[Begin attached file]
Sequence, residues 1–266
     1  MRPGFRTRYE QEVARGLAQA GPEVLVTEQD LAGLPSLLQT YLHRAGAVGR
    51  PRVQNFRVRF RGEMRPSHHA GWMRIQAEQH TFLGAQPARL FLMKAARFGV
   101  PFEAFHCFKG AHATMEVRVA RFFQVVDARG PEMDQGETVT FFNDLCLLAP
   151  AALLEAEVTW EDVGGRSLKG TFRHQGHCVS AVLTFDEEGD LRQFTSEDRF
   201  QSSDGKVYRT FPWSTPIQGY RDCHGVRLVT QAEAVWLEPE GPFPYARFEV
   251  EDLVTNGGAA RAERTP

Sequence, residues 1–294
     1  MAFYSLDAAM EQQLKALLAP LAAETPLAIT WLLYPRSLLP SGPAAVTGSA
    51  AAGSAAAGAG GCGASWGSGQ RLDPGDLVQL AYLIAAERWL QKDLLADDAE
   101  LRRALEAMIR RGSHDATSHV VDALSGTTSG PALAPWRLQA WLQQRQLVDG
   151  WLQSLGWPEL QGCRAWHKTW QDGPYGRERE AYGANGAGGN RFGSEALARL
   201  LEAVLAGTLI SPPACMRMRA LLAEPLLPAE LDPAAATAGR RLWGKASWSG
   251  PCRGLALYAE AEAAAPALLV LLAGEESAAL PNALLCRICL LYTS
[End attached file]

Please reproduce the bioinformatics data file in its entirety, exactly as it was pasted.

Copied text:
Sequence, residues 1–266
     1  MRPGFRTRYE QEVARGLAQA GPEVLVTEQD LAGLPSLLQT YLHRAGAVGR
    51  PRVQNFRVRF RGEMRPSHHA GWMRIQAEQH TFLGAQPARL FLMKAARFGV
   101  PFEAFHCFKG AHATMEVRVA RFFQVVDARG PEMDQGETVT FFNDLCLLAP
   151  AALLEAEVTW EDVGGRSLKG TFRHQGHCVS AVLTFDEEGD LRQFTSEDRF
   201  QSSDGKVYRT FPWSTPIQGY RDCHGVRLVT QAEAVWLEPE GPFPYARFEV
   251  EDLVTNGGAA RAERTP

Sequence, residues 1–294
     1  MAFYSLDAAM EQQLKALLAP LAAETPLAIT WLLYPRSLLP SGPAAVTGSA
    51  AAGSAAAGAG GCGASWGSGQ RLDPGDLVQL AYLIAAERWL QKDLLADDAE
   101  LRRALEAMIR RGSHDATSHV VDALSGTTSG PALAPWRLQA WLQQRQLVDG
   151  WLQSLGWPEL QGCRAWHKTW QDGPYGRERE AYGANGAGGN RFGSEALARL
   201  LEAVLAGTLI SPPACMRMRA LLAEPLLPAE LDPAAATAGR RLWGKASWSG
   251  PCRGLALYAE AEAAAPALLV LLAGEESAAL PNALLCRICL LYTS